EU imposes new rules on police who collect and use citizens’ personal data

As the UK’s first identity cards for foreign nationals were issued last week, the EU Council has unveiled plans to further strengthen the protection of personal data in the EU by adopting a framework that regulates the collection and use of such data by police and judiciary in the course of their activities.

Dec 4, 2008
By Paul Jacques

As the UK’s first identity cards for foreign nationals were issued last week, the EU Council has unveiled plans to further strengthen the protection of personal data in the EU by adopting a framework that regulates the collection and use of such data by police and judiciary in the course of their activities.

Vice-President Jacques Barrot, EU commissioner responsible for justice, freedom and security, said: “We need to ensure that our police forces and judges get the necessary and relevant information to do their job properly. However, this should be done in a manner which respects our citizens’ right to protection of their personal data.

“We observe a growing need for police and judiciary to obtain information from other countries than their own in order to better tackle cross-border crime. So Europe needed an instrument containing safeguards on how to protect personal data exchanged between law enforcement authorities in the EU.”

Information on crimes is increasingly being shared across European borders. The EU Council’s decision responds to this phenomenon by laying a common foundation for such information exchanges from the perspective of data protection.

Member states will need to ensure that cross-border exchange of personal data for their police and judiciary takes place in a manner that sufficiently guarantees the protection of those data. Aiming for this high level of security will go hand in hand with full respect for human rights.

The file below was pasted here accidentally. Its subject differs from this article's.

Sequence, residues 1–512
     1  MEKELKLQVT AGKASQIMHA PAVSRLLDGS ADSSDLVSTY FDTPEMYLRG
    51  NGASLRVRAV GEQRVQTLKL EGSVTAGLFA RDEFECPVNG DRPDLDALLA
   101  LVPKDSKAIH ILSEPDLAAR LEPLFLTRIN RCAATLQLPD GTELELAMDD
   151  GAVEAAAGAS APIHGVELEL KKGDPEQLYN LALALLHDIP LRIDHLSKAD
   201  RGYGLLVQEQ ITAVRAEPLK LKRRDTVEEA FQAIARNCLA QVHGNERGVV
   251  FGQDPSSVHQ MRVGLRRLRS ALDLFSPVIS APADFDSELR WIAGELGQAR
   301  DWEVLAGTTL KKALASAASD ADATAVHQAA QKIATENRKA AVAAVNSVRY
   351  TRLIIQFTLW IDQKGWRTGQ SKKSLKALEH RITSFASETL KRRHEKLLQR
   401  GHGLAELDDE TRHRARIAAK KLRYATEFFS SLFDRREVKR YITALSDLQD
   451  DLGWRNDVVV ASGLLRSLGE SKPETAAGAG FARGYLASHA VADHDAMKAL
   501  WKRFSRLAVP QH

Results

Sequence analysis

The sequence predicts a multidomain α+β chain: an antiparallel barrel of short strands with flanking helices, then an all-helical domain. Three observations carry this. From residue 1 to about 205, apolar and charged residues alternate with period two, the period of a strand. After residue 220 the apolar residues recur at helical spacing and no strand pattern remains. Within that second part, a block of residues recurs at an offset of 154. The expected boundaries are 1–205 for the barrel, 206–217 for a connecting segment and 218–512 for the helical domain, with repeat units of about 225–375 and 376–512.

The new instrument is applicable to cross-border exchanges of personal data within the framework of police and judicial cooperation. It regulates issues such as the right to be informed, right of access to personal data held by law enforcement authorities, right of compensation in case of damage as a result of unlawful processing of personal data and limitations on the use of sensitive data. Last but not least, in a world where crime does not stop at the EU external borders, the instrument also contains rules applicable to onward transfers of personal data to third countries. Member states will have to implement the instrument within two years from adoption.

Vice-President Jacques Barrot added: “In the context of the terrible events in Mumbai, it is even more important for Europe to show that we can act together in an area which lies so close to the heart and interest of our citizens.”

The UK’s new ID cards will contain a facial image and fingerprints to securely lock foreign nationals to one identity and help businesses crack down on illegal working. Stringent new rules to bring in workers to the UK through Tiers two and five of the points system also began last week.

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